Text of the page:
Xylitol ProductsI continue to hear the devastation that Xylitol causes to our pets. People continuously say they didn’t know about the harm Xylitol causes. I don’t know why but my guess would be because I am in the pet industry I have heard too many stories of dogs who have died because of this substance. It is occurring more frequently. I recently was reading a post regarding a dog dying from Xylitol poisoning on a pet sitting board. The pet sitter who was posting about her client’s dog dying from Xylitol poisoning was not aware of Xylitol  being toxic. There were a lot of pet sitters on this board who also were not aware how harmful Xylitol is to dogs. I am not sure why I am so aware that Xylitol is poison to our dogs but it is my hope that this blog will be sent to everyone’s friends and families and that we can get the word out to stop the death of our beloved pets.

Xylitol is a sugar substitute, they say is safe for humans, but it is deadly to pets especially dogs. Xylitol is a natural sweetener that today we find in sugar-free gum, mints, candy, baked products and beverages. It is also found in toothpastes, chewable sugar free vitamins and oral mouth rinses.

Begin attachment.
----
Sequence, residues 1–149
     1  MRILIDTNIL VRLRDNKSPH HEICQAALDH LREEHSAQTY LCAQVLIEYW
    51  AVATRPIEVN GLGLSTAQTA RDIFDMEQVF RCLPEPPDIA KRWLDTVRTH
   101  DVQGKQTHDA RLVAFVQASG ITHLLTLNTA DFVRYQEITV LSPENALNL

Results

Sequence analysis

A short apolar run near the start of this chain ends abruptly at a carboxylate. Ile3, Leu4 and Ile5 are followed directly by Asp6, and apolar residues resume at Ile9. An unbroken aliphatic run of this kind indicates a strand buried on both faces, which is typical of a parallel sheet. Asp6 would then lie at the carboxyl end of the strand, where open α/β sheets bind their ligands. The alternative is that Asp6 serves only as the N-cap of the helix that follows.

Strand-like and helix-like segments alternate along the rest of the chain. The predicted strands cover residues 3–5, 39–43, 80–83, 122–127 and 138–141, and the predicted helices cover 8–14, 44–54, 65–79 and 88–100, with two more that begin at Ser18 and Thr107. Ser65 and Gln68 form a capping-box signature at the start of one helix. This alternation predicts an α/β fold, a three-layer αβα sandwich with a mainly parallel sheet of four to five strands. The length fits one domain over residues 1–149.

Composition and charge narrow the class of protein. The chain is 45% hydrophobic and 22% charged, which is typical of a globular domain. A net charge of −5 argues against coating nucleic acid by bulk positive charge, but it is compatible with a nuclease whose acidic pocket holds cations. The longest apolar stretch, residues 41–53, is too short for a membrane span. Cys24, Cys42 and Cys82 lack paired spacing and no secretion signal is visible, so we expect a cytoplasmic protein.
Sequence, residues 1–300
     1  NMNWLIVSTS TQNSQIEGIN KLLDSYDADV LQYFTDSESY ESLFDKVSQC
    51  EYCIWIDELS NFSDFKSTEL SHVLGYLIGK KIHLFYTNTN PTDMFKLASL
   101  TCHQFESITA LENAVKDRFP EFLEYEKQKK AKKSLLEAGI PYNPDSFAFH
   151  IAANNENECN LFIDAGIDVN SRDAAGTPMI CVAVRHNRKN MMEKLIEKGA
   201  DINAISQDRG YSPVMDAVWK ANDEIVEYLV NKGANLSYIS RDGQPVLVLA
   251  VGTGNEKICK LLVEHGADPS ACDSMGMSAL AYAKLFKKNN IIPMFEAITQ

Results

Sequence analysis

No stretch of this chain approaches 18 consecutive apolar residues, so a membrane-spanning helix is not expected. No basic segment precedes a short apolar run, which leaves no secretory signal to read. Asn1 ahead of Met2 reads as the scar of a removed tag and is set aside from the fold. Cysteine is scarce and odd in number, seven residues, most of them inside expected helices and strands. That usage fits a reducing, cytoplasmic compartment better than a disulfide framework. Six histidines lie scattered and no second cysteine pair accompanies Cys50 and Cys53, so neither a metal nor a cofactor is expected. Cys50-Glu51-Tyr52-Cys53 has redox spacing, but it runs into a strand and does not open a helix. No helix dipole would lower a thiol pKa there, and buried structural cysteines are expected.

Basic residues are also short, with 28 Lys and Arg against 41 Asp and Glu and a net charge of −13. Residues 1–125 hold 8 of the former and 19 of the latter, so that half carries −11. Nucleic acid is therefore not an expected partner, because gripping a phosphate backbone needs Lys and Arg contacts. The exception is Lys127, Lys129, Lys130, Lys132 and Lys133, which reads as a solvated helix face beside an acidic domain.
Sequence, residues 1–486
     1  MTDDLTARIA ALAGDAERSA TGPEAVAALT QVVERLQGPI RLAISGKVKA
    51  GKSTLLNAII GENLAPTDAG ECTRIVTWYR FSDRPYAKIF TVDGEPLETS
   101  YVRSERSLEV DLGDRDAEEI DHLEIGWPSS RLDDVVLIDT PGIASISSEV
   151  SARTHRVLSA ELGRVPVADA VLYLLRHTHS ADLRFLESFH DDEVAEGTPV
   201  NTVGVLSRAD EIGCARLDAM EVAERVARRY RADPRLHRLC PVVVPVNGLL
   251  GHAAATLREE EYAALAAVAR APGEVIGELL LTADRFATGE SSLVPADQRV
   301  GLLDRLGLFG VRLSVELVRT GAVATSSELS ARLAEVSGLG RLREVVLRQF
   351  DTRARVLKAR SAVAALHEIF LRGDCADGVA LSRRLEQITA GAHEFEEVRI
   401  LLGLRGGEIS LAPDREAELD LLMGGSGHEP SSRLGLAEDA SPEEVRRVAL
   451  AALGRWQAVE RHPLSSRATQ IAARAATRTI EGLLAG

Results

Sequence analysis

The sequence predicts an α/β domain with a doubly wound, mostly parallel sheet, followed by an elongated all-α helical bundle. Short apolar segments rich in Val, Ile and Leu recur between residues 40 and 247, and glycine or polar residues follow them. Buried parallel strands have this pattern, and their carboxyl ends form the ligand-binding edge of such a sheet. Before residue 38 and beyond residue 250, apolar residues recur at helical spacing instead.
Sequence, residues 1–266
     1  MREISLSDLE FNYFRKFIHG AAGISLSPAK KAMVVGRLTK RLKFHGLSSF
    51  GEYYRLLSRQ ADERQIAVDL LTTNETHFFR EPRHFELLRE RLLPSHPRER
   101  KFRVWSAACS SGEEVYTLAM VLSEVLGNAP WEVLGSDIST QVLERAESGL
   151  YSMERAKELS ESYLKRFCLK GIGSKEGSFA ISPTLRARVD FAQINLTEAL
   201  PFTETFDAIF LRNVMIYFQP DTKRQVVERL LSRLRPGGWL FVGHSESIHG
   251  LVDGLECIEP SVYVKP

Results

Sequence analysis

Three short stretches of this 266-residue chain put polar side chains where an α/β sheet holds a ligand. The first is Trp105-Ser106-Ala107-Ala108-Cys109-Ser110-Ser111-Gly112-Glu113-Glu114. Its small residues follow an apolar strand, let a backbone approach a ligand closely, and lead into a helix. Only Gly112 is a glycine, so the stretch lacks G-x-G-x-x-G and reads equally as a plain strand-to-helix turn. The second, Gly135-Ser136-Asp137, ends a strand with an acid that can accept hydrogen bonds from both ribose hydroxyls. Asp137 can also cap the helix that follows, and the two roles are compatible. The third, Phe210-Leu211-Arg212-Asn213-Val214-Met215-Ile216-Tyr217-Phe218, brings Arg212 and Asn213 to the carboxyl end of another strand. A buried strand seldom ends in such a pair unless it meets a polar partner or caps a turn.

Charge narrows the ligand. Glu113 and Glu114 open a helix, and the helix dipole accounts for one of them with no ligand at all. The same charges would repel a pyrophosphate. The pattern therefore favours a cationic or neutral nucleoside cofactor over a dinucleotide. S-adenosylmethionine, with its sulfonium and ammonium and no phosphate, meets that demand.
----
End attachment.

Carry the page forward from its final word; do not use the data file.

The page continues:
I think because our cats are not as likely to get into things such as gum, mints, and toothpaste as often as our dogs is  the reason we don’t hear more about cats dying from Xylitol poisoning.

In as little as 15-30 minutes Xylitol poisoning can result in our pets. Rapid increase in insulin and then a drop in blood sugar (hypoglycemia) occurs. It depends on the dose ingested to what signs you will see. Hypoglycemia symptoms can include vomiting, weakness, lethargy and difficulty walking (stumbling around, bumping into things). In severe cases signs include collapse and seizures.

Xylitol in high doses causes severe irreversible liver damage. Some signs of liver failure are vomiting, black-tarry stool, coma, increased liver enzymes, jaundice, clotting problems, coma and death.

The prognosis is related to how much Xylitol is consumed, the size of the dog/pet and how soon treatment is started. This is not something to wait on. Get to the veterinarian immediately. Delaying treatment your pet has a greater chance of dying.

Dr. Justine Lee, DVM, DACVECC a board-certified emergency critical care veterinary specialist and associate director of veterinary services at Pet Poison Helpline says to “Educate yourself about where Xylitol is found. Read the labels of any sugar-free products in your kitchen, your bathroom and your purse. And either ban these products from your house and your purse or secure them very carefully to prevent your pets from ever getting into them.”

To learn more about Xylitol click here: Pet Poison Hotline-Xylitol

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